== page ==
Giacomini Wetland Restoration Project: Tenth Anniversary Celebration

Aerial photo of recently restored wetlands. A narrow bay stretches off in the distance. A wooded ridge borders the wetlands and bay on the left. A small town is located in the lower right.
 
Dozens of people sitting on chairs in a large white-walled room.

On Saturday, October 27, 2018, more than 100 people crowded in the Red Barn to celebrate the Tenth Anniversary of the Giacomini Wetland Restoration Project. Speakers highlighted how the restoration Project Area has evolved since the final levee was breached in 2008 in terms of establishing native vegetation and supporting common and rare species of fish, birds, frogs, and benthic invertebrates. Several speakers also addressed larger or watershed-scale issues such as changes in shorebird use in the southern portion of Tomales Bay, use of wetlands as classrooms for students, and seagrass and salt marsh response to climate change impacts. The agenda may be found below.

 
Several kayakers paddling along a vegetation-lined creek.

These talks culminated a day of events specifically developed to help people understand how this very special landscape has changed in the last ten years. That morning, a small group of people joined Jules Evens and Mary Anne Flett on a birding hike: Jules and Mary Anne have worked on the project since the very beginning. The hikers were rewarded with some wildlife drama, as a pair of peregrine falcons swooped down on a flock of greater yellowlegs, with the male snatching one and expertly passing it off mid-air to the female. However, an adult bald eagle had different ideas and started pursuing the female peregrine, who was laboring with her heavy and still struggling prey. Later that morning, eighteen people took to the water to learn about changes in the Giacomini hydrology or patterns in the movement of water from project hydrologist, Greg Kamman of Kamman Hydrology & Engineering. Kayakers were treated to their own wildlife vignette as a deer seemingly walked on water, as it crossed through Lagunitas Creek at a shallow gravel bar area as they were paddling downstream.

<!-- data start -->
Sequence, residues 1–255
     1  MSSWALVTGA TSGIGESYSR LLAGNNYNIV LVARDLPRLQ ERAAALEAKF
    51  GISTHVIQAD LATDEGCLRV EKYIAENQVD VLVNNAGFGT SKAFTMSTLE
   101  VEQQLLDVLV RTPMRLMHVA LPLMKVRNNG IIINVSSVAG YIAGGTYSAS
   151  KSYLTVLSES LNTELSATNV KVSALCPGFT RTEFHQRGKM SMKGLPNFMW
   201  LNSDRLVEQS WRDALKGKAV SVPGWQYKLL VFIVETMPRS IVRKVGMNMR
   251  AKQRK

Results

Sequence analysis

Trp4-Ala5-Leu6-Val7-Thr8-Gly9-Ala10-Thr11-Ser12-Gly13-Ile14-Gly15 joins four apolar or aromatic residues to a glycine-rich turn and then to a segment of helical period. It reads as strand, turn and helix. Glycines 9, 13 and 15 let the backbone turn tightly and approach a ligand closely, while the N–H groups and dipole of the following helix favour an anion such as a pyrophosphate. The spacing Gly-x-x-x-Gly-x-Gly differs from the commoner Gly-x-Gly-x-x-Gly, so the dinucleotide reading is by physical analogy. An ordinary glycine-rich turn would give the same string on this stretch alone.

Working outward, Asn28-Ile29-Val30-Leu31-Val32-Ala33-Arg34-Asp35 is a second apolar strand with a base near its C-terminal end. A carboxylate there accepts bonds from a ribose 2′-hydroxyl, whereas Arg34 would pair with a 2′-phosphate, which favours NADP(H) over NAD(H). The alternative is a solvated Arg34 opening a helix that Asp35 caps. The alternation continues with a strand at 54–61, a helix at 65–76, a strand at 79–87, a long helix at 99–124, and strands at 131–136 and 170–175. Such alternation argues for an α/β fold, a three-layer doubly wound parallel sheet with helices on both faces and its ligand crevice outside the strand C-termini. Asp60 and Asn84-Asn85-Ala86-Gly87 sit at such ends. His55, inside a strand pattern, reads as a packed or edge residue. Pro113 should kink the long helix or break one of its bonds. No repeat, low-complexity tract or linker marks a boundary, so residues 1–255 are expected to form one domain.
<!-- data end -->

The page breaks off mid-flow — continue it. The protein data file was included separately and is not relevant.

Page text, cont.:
If you weren't able to make this very special day and wish to view PDFs of the presentations, please contact Lorraine Parsons by email. We have also prepared short summaries of the Giacomini monitoring information presented at the event and in associated reports.

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Scientific papers that have been published so far.

Kelly, J.P., and T.E. Condeso. 2017. Tidal marsh restoration stimulates the growth of winter shorebird populations in a temperate estuary. Restoration Ecology. 25:640–649. (accessed 14 December 2018)

Parsons, L., L. Sanders, A. Ryan, and M. Reichmuth. 2015. Changes in the Food Web Linked to Restoration Effort Intensity and Watershed Conditions. Natural Resources. 6:344-362. (accessed 14 December 2018)


Thanks

Special thanks to all of those who helped us here at the park to make this great event happen!

  • Sally Bolger
  • Point Reyes National Seashore Association (Donna Faure, Alyssa Tanner, Todd Plummer)
  • Jules Evens and Mary Anne Flett
  • Greg Kamman
  • Blue Waters Kayaking for assistance with the kayaking trip.
  • All of our wonderful speakers!
  • Individuals and organizations that helped to fund the monitoring:

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Multimedia

NBC's OpenRoad Comes to Marin and Giacomini
The Giacomini Wetland Restoration Project was featured in August and September 2018 on the Open Road with Doug McConnell TV show! The episode was all about the tremendous conservation legacy of Marin County, including our beloved wetlands!

 

Anniversary Celebration at the Red Barn from 1:30 to 5:30 pm

Agenda:

Time Topic Presenter(s)
1:30–1:55 pm Welcome
1:55–2:00 pm Overview of Giacomini Long-Term Monitoring Program Lorraine Parsons (NPS)
2:00–2:15 pm From Pasture to Tidal Marsh: Vegetation Community Response to Restoration Cody Ender (PRNSA)
2:30–2:45 pm Changes in Tidal Marsh Fish Communities with Restoration Michael Reichmuth (NPS Inventory & Monitoring Program)
2:45–3:00 pm California Red-Legged Frogs: Build It, and They Will Come Patrick Kleeman (USGS Western Ecological Research Center)
3:00–3:15 pm BREAK
3:15–3:30 pm Avian Responses to Restoration of Tidal Influence and Changing Land–Use Practices: 2008-2018 Jules Evens and Mary Anne Flett (Avocet Research Associates)
3:30–3:45 pm Giacomini Restoration Stimulates Winter Shorebird Populations in Southern Tomales Bay Scott Jennings (Audubon Canyon Ranch)
3:45–4:00 pm Tracing Carbon through Tomales Bay: A Seagrass and Salt Marsh Story Melissa Ward (University of California, Davis)
4:00–4:15 pm Wetland Connections: Engaging Youth in Science to Inspire Future Stewards Leslie Adler-Ivanbrook (PRNSA) and Ben Becker, (NPS)
4:15–5:30 pm Closing remarks and Reception at Red Barn

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Last updated: December 16, 2018

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